Saturday, June 24, 2023

How I Prepare a Course - An Example with Training Prosecutors in Presentation Skills


The genesis of this article lies in the title of a magazine report: "Ten Hours of Preparation for a One-Hour Class, and a Pen and Paper Can Make the Classroom Exciting." Therefore, I'm sharing with you, using a recent example - the opportunity to act as a presentation coach for the national judiciary elites, the prosecutors - how I prepare for a course. If you've missed the previous episodes, here's the first part: Pre-class Preparation + Understanding the Work of Prosecutors.

This next part talks about the "Lay Judge Mock Trial", which is what I observed when I entered the courtroom after all the pre-class preparation. If you're interested in the lay judge system, which will be implemented in a little over a year's time (January 1, 2023), please continue reading:

But before you start reading, let's clarify three things as additional information:

1. The goals of presentation, teaching, and public speaking are different! A presentation is intended to "persuade", teaching aims to bring about a "change" in students, while public speaking often falls somewhere between the two. Please refer to the article: What are the Differences Between a Presentation, Teaching, and Public Speaking?

2. Although many teachers have heard of or learned about the "Systematic Course Design: ADDIE", have you really solidly applied it in practice? Perhaps as you read this series of articles on "how I prepare a course," you might consider... Which step of ADDIE am I in, as written in my article?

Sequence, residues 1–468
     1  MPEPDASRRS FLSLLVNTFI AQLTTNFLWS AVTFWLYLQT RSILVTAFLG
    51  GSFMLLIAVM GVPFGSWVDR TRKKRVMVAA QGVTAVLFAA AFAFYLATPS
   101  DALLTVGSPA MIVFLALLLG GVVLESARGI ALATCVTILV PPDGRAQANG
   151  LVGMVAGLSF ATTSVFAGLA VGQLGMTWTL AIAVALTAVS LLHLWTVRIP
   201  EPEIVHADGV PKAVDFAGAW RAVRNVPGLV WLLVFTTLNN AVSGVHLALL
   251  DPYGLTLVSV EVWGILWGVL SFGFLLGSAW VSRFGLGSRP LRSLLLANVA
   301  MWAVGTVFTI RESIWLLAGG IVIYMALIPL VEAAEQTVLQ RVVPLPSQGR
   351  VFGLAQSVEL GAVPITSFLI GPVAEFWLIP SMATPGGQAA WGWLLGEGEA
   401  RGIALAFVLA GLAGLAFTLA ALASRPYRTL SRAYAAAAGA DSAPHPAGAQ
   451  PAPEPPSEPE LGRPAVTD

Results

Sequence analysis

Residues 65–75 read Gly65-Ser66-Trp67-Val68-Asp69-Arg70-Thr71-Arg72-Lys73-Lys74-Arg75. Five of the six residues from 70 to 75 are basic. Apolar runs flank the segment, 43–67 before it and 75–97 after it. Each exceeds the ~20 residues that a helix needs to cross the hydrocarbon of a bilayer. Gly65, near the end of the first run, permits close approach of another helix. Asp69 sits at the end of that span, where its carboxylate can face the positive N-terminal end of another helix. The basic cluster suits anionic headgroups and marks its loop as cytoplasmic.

3. I have not received any promotional fees from the government or the Ministry of Justice! Nor have I collaborated with public sectors in the past. This time, it's purely because of my support for the prosecutors who represent justice that I've had these experiences. All the insights and ideas expressed here come from my personal participation and reflection. "To understand is to support" - there's still a group of very diligent civil servants working hard for us!

Stepping into the Lay Judge Mock Court

Although I had done some groundwork and roughly understood the lay judge system's appearance, I believed that I could understand it better if I participated on site! In preparation for the implementation of the lay judge participation system from January 1, 2023, the Judicial Yuan and the Ministry of Justice have begun many lay judge mock court sessions, hoping to gain experience through simulation and ensure smoother operation when formally implemented!

After learning this information, I asked Deputy Minister Deng of the Ministry of Justice (one of the key figures in this event, the other being Deputy Minister Li!) and Officer Xie to arrange for me to participate fully in the lay judge mock court... I sat in the courtroom for three days, observing the entire trial procedure. At this moment, the "nouns" that I had in my mind turned into real "verbs"! (Also, congratulations to Deputy Minister Deng Qiaoling for being honored as the representative of the National Model Civil Servant of 110! Out of 360,000 civil servants nationwide, only 6 were selected!)

Court Comprised of Three Professional Judges and Six Lay Judges

On the first morning, lay judges were selected (through group questioning, then individual questioning, and then random drawing, six were chosen from about 60 people), and the trial process officially began in the afternoon.

In the future system, the lay judges will sit on the bench alongside the professional judges, listening to the explanations of the prosecution (prosecutor) and the defense (lawyer) in the courtroom. After understanding the case, examining the evidence, and clarifying doubts, they will make a ruling on the third day. The trial, including conviction and sentencing, is voted on by the three professional judges and six lay judges. A majority vote (including one vote from the professional judges) is needed for a conviction to stand. The duration of the sentence is also decided jointly by the judges! (This is very different from the jury system!)